Evaluation of the efficacy and safety of pamapimod, a p38 MAP kinase inhibitor, in a double-blind, methotrexate-controlled study of patients with active rheumatoid arthritis

Authors

  • Stanley B. Cohen,

    Corresponding author
    1. Metroplex Clinical Research, Dallas, Texas
    • Metroplex Clinical Research Center, 5939 Harry Hines Boulevard, Suite 441, Dallas, TX 75235
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    • Dr. Cohen has served as a clinical investigator and research consultant for Genentech, Biogen Idec, Roche, Procter & Gamble, Pfizer, Centocor, Amgen, Scios, and Wyeth-Ayerst, and has received consulting and/or speaking fees from these companies (less than $10,000 each).

  • Tien-Tsai Cheng,

    1. Chang Gung Memorial Hospital–Kaohsiung Medical Center, and Chang Gung University College of Medicine, Kaohsiung, Taiwan
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  • Vishala Chindalore,

    1. Pinnacle Research Group, Anniston, Alabama
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    • Dr. Chindalore has received speaking fees from Roche, Pfizer, and GlaxoSmithKline (less than $10,000 each).

  • Nemanja Damjanov,

    1. Institut za Reumatologiju, Belgrade University School of Medicine, Belgrade, Serbia and Montenegro
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  • Ruben Burgos-Vargas,

    1. Clínica para el Diagnostico y Tratamiento de las Enfermedades Reumáticas and Hospital General de México, Mexico City, Mexico
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    • Dr. Burgos-Vargas has received consulting fees, speaking fees, and/or honoraria from Roche, Schering-Plough, Wyeth, and Abbott (less than $10,000 each).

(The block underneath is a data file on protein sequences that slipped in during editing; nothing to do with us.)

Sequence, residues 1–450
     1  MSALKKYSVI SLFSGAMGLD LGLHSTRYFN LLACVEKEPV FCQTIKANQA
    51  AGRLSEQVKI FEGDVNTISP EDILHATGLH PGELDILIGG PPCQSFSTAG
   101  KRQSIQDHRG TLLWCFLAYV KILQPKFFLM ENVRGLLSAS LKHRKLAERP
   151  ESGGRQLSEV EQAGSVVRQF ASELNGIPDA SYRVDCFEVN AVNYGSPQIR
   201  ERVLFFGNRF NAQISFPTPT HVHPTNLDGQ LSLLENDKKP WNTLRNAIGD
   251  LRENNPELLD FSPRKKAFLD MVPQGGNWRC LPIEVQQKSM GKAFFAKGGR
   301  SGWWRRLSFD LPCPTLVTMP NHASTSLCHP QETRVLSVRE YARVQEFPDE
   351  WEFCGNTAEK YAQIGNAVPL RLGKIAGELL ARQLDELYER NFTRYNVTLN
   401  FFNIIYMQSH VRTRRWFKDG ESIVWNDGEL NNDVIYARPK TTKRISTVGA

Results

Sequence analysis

• Patricia DeLora,

    1. Hoffman-La Roche, Nutley, New Jersey
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    • Ms DeLora owns stock or stock options in Hoffman-La Roche.

  • Kathleen Zimany,

    1. Hoffman-La Roche, Nutley, New Jersey
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  • Helen Travers,

    1. Roche Products Ltd., Welwyn Garden City, UK
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  • John P. Caulfield

    1. Roche Palo Alto, LLC, Palo Alto, California
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    • Dr. Caulfield owns stock or stock options in Roche.


  • ClinicalTrials.gov identifier: NCT00303563.

Abstract

Objective

To determine the efficacy and safety of pamapimod (a selective inhibitor of the α-isoform of p38 MAP kinase) as monotherapy in comparison with methotrexate (MTX) treatment in adult patients with active rheumatoid arthritis (RA).

Methods

Patients were randomly assigned to 1 of 4 treatment groups and received 12 weeks of double-blind treatment. One group received MTX (7.5 mg/week with planned escalation to 20 mg/week), and 3 groups received pamapimod (50, 150, or 300 mg) once daily. The primary efficacy end point was the proportion of patients meeting the American College of Rheumatology 20% improvement criteria (achieving an ACR20 response) at 12 weeks. Secondary end points included ACR50 and ACR70 responses, change from baseline in the Disease Activity Score in 28 joints (DAS28), categorical analyses of DAS28/European League Against Rheumatism response, and change from baseline in each parameter of the ACR core set of measures. Safety monitoring included recording of adverse events (AEs), laboratory testing, immunology assessments, administration of electrocardiograms, and assessment of vital signs.

Results

Patients assigned to receive MTX and pamapimod had similar demographics and baseline characteristics. At week 12, fewer patients taking pamapimod had an ACR20 response (23%, 18%, and 31% in the 50-, 150-, and 300-mg groups, respectively) compared with patients taking MTX (45%). Secondary efficacy end points showed a similar pattern. AEs were typically characterized as mild and included infections, skin disorders, and dizziness. Pamapimod was generally well tolerated, but the 300-mg dose appeared to be more toxic than either the 2 lower doses or MTX.

Conclusion

The present results showed that pamapimod was not as effective as MTX in the treatment of active RA.

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